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Unit: Linoleum

LMFFL3301A: Install linoleum floor coverings


Cutting and welding

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Audio for slide 1 (mp3 |6|KB)
The basic techniques for cutting, fitting and welding linoleum are much the same as for commercial vinyl.

However, linoleum has slightly different properties from vinyl, so there are a few important differences.

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Cutting seams

When linoleum is rolled out and placed into the adhesive, the hessian-backed material picks up moisture from the atmosphere and adhesive.

This causes a small amount of expansion across the width of the sheet, which stops when the adhesive starts to cure.

Even though the expansion is only tiny, it can cause the seam to peak if you don't make allowance for it.

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The allowance only needs to be about the thickness of the pin in a pin vice.

You can accommodate any expansion by using the following procedure:

  1. Cut the true edge in the first sheet of linoleum as you would for commercial vinyl.

  2. Lap the second sheet under the first sheet, either matching up the pattern or leaving a 20 mm overlap.
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  1. Score the second sheet with a pin vice, keeping the pin vertical and pressed against the true edge of the first sheet.

  2. Cut the second sheet with a straight blade and hooked blade.
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Alternatively, you can use a recess scriber to scribe the second sheet. Run the 'under' guide along the true edge of the first sheet and scribe the second sheet with the 'over' scribe pin.

But remember to offset the scribe pin by the thickness of the pin to achieve the same result as described before.

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Fitting long lengths

If the sheet is long, it will tend to shrink slightly along the length, so you need to make allowance for the shrinkage when you cut the sheet.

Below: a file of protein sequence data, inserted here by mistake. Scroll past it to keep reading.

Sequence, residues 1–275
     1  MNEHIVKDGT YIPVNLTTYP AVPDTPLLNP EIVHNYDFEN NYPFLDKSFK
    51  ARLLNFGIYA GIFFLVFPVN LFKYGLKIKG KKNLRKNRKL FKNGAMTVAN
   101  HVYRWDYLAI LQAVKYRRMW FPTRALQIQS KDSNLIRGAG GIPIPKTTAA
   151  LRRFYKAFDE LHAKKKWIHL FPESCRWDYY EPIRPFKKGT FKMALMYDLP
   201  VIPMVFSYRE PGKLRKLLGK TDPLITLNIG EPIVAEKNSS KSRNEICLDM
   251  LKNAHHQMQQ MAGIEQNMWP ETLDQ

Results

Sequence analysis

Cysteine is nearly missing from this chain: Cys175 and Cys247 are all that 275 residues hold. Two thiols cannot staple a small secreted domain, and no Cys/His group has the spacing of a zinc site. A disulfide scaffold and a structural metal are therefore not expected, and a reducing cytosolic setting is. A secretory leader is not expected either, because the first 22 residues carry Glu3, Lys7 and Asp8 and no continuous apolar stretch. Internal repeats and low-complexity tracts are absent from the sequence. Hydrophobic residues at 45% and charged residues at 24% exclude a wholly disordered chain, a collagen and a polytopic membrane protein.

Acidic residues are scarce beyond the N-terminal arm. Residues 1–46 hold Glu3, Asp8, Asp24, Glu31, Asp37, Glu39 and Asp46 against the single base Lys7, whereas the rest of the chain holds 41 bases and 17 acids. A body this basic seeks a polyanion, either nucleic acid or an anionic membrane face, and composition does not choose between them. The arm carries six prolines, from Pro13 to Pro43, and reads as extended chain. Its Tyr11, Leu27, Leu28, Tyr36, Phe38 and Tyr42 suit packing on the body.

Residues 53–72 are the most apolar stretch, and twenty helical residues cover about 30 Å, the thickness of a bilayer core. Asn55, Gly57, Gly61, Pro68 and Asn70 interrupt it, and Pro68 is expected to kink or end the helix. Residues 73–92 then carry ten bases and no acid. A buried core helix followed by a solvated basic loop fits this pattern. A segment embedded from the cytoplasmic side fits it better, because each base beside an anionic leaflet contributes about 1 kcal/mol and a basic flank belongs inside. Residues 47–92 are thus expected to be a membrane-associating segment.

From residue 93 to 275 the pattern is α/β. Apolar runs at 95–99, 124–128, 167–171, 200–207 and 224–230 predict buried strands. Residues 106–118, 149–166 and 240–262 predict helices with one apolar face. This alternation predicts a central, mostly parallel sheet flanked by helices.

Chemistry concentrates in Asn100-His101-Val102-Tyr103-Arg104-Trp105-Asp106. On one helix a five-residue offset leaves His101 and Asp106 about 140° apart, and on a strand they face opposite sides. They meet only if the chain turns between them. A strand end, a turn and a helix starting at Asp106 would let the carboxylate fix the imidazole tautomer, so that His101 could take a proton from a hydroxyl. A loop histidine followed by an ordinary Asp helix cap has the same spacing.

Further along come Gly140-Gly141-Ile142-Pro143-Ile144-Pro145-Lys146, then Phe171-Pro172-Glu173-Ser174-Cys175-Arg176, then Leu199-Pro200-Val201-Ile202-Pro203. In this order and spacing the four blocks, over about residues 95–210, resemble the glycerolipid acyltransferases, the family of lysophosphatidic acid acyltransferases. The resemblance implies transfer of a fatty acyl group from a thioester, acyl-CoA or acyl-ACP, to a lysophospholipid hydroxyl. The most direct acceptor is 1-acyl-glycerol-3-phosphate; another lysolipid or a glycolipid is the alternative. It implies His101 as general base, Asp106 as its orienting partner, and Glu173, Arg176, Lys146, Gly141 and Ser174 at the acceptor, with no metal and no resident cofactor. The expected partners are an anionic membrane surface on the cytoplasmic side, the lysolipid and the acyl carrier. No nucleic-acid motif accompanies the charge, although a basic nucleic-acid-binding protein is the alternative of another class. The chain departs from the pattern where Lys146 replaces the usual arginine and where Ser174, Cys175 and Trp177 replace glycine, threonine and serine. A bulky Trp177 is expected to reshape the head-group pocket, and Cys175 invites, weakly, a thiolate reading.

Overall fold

One method of dealing with the shrinkage is to only scribe one end and stick down the sheet up to about the last 2 metres.

Then scribe the second end, spread the remaining adhesive and stick that end down.

Note that the whole sheet must be stuck down while the adhesive is still wet. If the first part starts to set before you lay down the last section, any overspread in adhesive might result in bubbles where the two parts meet.

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Heat welding

Welded joins are less necessary in linoleum than in vinyl, because well-cut seams are more likely to close up tightly after the material has been stuck down.

However, if hygiene or water resistance are important aspects of the job, you should still weld all joins.

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The tools used for heat welding are the same for both vinyl and linoleum.

However, the welding cable is different, and linoleum is welded at a lower temperature and slower speed.

The chemical reaction that occurs in the welded joint is also different.

In vinyl, both the flooring material and welding cable melt and fuse together; but in linoleum, only the cable melts as it bonds to the routed seam.

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Linoleum welds should be trimmed almost immediately for the first pass, and soon after for the second.

This is different from vinyl, where you should wait a bit longer before doing the first pass, and then let it completely cool before the second pass.

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Learning activity

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The link below will take you to a Forbo video on the correct use of adhesive when installing Marmoleum.

Forbo Marmoleum adhesive

This video provides a good review on the difference between 'open time' and 'working time', which we discussed in the unit Commercial vinyl.

It also explains the differences in technique that apply to linoleum, compared to the practices used for commercial vinyl.

Watch the clip and then answer the following questions:

  • What conditions will affect the 'open time' and 'working time' of an adhesive?

  • What does 'fully wet' mean?

  • What does 'semi-wet' mean?

  • What does 'flashed off' mean?

  • At what stage of the drying process should you lay the sheet into the adhesive?

  • What is one of the most common causes of installation failure in Marmoleum?
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